Directeur.e(s) de recherche
Patrick Archambault
Simon Duchesne
Philippe Després
Start date
Title of the research project
Detection of delirium using physiological parameters and hypovigilance monitoring: a pilot observational cohort study

Delirium is a condition that, when left unmanaged, is associated with increased mortality and longer hospitalization of patients in intensive care; therefore, its detection should be an integral part of care. It is characterized by confusion, anxiety and reduced alertness. It is estimated that 75% of delirium cases are not detected on admission to hospital. Detecting such an acute condition requires frequent monitoring of participants, which is labor intensive and requires expertise. However, the participants' vital signs, which can be collected continuously throughout their stay in intensive care, could contain information indicative of the present state of consciousness, and possibly predictive of the future state.
Our goal is to build an automatic machine learning classifier based on vital sign data to (a) identify times when the patient was delirious, and (b) predict delirium incipience. As a primary measure, we will use a clinically validated tool, the Confusion Assessment Method for Intensive Care Unit (CAM-ICU). This assessment was performed twice a day, once in the morning and once in the afternoon, in our study population at the CISSS de Chaudière-Appalache (Hotel Dieu de Lévis). The learning algorithm will be trained on the participants' vital signs before, after, and during the delirium episodes in order to (a) extract the vital sign characteristics related to a delirium state; (b) the probability that the patient is delirious or not, based on these characteristics; and (c) the probability that the patient will develop a delirium state within a reasonable time window (e.g. 1 hour).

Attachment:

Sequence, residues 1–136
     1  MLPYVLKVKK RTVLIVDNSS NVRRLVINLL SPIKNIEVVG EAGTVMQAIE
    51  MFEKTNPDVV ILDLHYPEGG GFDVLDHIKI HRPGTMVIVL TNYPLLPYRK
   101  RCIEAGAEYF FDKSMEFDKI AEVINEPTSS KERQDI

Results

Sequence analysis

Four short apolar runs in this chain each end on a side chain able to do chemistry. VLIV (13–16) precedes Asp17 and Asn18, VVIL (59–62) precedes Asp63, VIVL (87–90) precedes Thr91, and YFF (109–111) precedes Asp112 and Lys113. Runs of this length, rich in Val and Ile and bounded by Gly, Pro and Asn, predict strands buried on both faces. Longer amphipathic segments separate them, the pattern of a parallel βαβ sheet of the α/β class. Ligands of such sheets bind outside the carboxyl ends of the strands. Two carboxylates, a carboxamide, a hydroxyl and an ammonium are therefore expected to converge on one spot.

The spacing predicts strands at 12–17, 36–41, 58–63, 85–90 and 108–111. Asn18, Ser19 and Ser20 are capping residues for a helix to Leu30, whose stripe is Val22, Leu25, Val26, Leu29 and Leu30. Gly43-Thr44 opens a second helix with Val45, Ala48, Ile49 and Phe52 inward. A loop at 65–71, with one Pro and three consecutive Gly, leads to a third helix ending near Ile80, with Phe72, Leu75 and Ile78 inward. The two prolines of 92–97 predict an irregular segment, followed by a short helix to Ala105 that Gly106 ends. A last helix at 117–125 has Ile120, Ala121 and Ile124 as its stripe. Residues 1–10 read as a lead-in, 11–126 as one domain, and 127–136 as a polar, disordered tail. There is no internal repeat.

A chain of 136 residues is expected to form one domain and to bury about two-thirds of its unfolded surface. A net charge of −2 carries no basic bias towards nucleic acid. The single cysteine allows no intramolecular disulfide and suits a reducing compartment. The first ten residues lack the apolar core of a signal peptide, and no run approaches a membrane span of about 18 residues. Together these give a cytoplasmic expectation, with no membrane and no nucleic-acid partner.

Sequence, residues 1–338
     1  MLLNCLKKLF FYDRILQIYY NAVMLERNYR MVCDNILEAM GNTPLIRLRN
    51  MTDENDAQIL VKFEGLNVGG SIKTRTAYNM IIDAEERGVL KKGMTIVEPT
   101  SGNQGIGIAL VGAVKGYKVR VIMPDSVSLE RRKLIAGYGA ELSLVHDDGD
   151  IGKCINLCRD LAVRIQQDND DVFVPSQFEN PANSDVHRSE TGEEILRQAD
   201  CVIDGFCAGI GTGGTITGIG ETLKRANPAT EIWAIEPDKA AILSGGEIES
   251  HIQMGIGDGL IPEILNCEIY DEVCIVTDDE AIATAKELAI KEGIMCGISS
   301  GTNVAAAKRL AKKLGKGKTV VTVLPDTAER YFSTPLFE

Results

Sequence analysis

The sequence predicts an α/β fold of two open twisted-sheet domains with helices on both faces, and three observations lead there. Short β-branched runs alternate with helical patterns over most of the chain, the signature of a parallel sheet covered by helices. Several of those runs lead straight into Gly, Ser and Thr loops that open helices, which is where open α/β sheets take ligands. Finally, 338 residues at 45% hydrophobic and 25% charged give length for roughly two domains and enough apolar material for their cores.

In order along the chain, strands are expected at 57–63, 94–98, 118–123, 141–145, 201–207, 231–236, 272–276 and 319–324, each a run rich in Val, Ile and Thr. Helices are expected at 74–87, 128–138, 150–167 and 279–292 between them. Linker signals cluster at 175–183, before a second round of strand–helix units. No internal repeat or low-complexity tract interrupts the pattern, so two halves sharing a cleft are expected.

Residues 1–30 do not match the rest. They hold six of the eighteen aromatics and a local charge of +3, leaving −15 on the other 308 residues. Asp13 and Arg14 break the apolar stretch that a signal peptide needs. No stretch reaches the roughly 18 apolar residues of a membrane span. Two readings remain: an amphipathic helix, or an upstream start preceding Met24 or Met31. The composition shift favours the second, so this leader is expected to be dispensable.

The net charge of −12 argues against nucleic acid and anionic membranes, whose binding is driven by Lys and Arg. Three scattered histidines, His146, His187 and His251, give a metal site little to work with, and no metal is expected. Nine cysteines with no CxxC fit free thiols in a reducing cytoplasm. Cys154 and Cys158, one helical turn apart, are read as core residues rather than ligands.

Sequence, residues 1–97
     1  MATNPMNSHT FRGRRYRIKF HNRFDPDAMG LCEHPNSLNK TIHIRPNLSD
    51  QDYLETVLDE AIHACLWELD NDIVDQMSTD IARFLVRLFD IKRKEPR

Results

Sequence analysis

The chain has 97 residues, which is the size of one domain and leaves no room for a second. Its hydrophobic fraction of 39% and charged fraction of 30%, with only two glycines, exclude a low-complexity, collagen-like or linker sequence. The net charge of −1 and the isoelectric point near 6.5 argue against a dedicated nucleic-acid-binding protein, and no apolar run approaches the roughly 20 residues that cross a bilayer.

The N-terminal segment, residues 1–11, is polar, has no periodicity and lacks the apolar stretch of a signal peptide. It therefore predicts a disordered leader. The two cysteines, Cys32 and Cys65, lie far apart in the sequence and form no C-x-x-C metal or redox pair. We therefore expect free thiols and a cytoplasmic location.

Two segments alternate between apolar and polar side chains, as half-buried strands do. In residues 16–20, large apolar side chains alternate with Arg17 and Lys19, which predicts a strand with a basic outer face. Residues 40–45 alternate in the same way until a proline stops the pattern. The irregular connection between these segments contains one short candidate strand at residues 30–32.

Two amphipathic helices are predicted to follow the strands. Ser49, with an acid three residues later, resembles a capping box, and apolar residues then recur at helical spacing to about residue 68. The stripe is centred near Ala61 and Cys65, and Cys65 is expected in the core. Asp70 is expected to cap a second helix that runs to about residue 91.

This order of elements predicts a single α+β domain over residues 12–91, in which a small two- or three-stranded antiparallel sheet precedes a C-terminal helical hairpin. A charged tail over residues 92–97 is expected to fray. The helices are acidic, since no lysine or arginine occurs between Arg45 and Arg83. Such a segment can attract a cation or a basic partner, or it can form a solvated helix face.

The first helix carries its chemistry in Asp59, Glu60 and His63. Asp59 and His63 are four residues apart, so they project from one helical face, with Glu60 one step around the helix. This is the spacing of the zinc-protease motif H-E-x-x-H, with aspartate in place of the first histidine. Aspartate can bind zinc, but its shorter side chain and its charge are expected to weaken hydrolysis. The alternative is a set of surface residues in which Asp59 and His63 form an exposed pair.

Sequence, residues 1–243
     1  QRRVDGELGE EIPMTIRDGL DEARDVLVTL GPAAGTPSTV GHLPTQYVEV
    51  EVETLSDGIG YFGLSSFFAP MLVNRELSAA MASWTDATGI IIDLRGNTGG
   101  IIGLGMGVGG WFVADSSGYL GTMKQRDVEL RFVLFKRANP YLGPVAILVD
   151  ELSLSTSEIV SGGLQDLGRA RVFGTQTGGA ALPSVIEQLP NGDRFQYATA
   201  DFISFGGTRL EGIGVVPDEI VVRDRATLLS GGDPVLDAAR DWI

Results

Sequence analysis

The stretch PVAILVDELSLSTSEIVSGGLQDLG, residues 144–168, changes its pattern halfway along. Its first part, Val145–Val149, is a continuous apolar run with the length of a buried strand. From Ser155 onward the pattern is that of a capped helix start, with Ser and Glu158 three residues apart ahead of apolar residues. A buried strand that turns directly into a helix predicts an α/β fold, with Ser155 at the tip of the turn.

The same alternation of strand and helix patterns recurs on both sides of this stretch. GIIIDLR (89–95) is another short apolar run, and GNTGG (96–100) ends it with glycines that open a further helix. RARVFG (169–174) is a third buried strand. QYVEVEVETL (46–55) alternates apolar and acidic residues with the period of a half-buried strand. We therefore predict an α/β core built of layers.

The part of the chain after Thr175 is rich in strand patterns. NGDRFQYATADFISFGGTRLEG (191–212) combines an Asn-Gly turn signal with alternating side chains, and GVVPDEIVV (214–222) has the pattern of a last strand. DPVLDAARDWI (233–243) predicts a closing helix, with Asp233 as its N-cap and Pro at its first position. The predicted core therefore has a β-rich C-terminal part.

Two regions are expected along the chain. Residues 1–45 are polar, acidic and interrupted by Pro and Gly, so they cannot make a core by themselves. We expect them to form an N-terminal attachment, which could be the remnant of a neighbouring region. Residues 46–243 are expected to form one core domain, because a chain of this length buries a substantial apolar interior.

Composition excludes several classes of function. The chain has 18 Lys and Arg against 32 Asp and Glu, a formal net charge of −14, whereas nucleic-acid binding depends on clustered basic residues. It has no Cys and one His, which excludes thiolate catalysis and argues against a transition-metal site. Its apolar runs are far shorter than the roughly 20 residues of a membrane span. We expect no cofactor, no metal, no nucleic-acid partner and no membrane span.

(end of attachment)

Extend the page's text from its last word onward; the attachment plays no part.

Even if the machine learning model does not reach the accuracy and precision of a validated questionnaire, its use in healthcare facilities would optimize care, mainly by drawing attention to any suspicious drift (high sensitivity). Considering that patients who remain with untreated delirium are associated with higher mortality rates and longer ICU stays, a clinical indicator such as this model can help the care team manage this otherwise unnoticed symptom.


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